When I meet Ed Helms, he is clean-shaven. Gone is the goatee he had for "Jeff, Who Lives at Home," the latest movie from the sibling filmmaking team of Mark and Jay Duplass.
I tell him that when I saw him in the film, which opens Friday, his goatee somehow reminded me of that "Star Trek" episode in which Mr. Spock sported one in a parallel evil universe.
"Maybe that's an evil version of Ed Helms," he muses.
Not likely. It's hard to imagine an evil version of Helms running around. The star of NBC's long-running sitcom "The Office" -- a Georgia boy from a preppy background who plays the banjo -- comes across as an all-around nice guy.
In the offbeat comedy "Jeff, Who Lives at Home," Helms plays Pat, the brother of the title character (Jason Segel). The two are polar opposites. Jeff -- a fan of the film "Signs," M. Night Shyamalan's 2002 thriller -- sits around smoking pot, living with his mom (Susan Sarandon) and looking for portents in his daily life. Pat, on the other hand, has just bought a new Porsche he can't really afford and races through his life, oblivious to others, including his long-suffering wife.
Helms says about 40 pages into reading the script he was wondering why he kept going. "It's a good story but I didn't want to play this Pat character. He's an ass."
But the actor kept reading and by the end found it compelling.
"I don't like evil characters," admits the 38-year-old, who is also known for his role as
the missing-tooth dentist Stu Price in the "Hangover" films. "You're probably not going to see me as a child molester anytime soon. I have to find a way to really like the characters that I'm playing or sympathize with them."
Helms, by the way, voices something of the bad guy -- the Once-ler, who destroys the trees -- in the current hit animated film "Dr. Seuss' The Lorax." But then that's based on a children's book, not exactly evil material.
It took him awhile, though, to understand Pat, whom Helms describes as a guy "losing the fight with his own insecurities and pettiness" but who is self-aware enough that by the end (no spoilers here) starts to become a better person.
"I can relate to that arc," says Helms. "It is a pretty universal thing for many of us."
While growing up, Helms -- who attended a private high school -- says he wasn't a particularly funny guy socially.
"I was never the class clown, but I was always a student of comedy and I love deconstructing it, and I think that's common with a lot of comedy nerds," he says.
It was the combination of "Saturday Night Live" and HBO that got him interested in comedy. Helms was inspired by performers like Eddie Murphy, Mike Myers, Martin Short, Chris Farley, Harry Shearer and Phil Hartman and movies including "Fletch," "National Lampoon's Vacation," "Caddyshack," "Ghostbusters," "Trading Places" and "The Breakfast Club," and that made him want to be part of that universe.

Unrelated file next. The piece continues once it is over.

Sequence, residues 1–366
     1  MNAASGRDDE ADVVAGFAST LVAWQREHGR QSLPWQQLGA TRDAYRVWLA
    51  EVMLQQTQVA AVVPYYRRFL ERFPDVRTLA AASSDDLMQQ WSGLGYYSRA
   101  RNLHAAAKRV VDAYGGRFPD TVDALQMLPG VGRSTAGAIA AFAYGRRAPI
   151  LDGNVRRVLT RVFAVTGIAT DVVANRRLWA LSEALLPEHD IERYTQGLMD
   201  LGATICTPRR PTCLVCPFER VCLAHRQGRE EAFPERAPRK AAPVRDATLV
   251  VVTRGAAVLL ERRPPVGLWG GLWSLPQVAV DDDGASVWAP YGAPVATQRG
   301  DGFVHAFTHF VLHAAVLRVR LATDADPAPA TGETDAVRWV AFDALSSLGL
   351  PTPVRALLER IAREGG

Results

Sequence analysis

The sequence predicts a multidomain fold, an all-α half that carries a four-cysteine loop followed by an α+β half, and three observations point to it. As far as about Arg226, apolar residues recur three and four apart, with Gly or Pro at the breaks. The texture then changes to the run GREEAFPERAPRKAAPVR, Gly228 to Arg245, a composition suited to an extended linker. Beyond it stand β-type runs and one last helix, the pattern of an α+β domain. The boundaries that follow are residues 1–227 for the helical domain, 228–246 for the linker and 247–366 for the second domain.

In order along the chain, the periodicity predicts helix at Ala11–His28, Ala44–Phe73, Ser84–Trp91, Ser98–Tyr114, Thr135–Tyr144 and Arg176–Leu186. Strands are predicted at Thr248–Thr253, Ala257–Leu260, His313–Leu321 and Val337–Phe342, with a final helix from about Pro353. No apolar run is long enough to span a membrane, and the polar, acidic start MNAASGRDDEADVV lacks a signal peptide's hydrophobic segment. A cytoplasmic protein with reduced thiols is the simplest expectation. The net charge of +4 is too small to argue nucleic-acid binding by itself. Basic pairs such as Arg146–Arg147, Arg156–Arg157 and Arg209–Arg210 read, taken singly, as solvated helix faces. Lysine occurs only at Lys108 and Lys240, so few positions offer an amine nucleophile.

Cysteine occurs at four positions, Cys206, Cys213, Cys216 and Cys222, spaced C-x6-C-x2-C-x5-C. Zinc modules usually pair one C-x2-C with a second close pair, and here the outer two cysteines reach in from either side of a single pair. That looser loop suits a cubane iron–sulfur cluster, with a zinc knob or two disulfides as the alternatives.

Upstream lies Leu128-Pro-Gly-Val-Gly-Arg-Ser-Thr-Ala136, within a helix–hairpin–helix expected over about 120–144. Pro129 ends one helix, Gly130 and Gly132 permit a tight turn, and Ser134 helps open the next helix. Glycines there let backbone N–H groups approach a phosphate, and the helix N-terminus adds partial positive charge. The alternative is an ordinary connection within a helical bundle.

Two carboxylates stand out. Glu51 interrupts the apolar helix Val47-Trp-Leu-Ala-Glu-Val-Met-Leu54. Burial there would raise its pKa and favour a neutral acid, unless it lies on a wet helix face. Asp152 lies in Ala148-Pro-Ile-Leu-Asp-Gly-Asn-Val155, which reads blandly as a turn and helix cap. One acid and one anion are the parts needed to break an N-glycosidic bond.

He went off to Oberlin, the Ohio university known for its music and arts programs, to study filmmaking with an eye toward comedy.
"In front of the camera was always part of it," says Helms. "I moved to New York after college and immediately started doing stand-up."
One of his goals was to get on "SNL" but he soon found himself enamored with "The Daily Show with Jon Stewart."
In 2002, he got his chance with the show, which he calls "a phenomenal comedy boot camp."
"It's intense, the hours are long and I probably did 150 of those field segments where they just ship you off to some small town to get a story and you sure as hell better come back with something in 24 hours," says Helms. "That was just a real lesson in production and execution.
"Jon Stewart had a phenomenal work ethic," he adds. "Some of the funniest people I've ever known in my life sit on the couch and smoke pot all day long, but I realized that in a place like the 'Daily Show,' you can't keep up if that's what you're doing."
In 2006, after four years on the show, he joined "The Office," where he plays preppy Cornell graduate Andy Bernard, who loves a capella music. (Helms was in an a capella group at Oberlin.) With Steve Carell departing last year, Helms' Andy has taken over as head of the Scranton division of the Dunder Mifflin paper company. The show is in its eighth season, and all Helms will say about its future is, "I think we're just trying to hammer it out."
As you might guess, Helms loves music, but he says his passion for the banjo has nothing to do with another strumming comedian, Steve Martin. It may have something to do with "Deliverance," which was filmed and takes place in Georgia, he admits, but the only real explanation he can come up with for his love of the stringed instrument is that he went to summer camp for a number of years in the Smoky Mountains of North Carolina.
"That's really the heart of Appalachian music," he says, "It just felt like something authentic that I could latch onto at an early age. It's also haunting and beautiful. ... Some the greatest musicians on Earth are playing bluegrass these days."
While "The Office" and other commitments keep him busy -- there is talk of "Hangover III" -- Helms is working on some projects of his own.
"I really like to generate stuff," he says. "I feel like that's the only kind of control you have in this business, is if projects come from you." He adds with a laugh, "I love telling stories and acting like a jackass."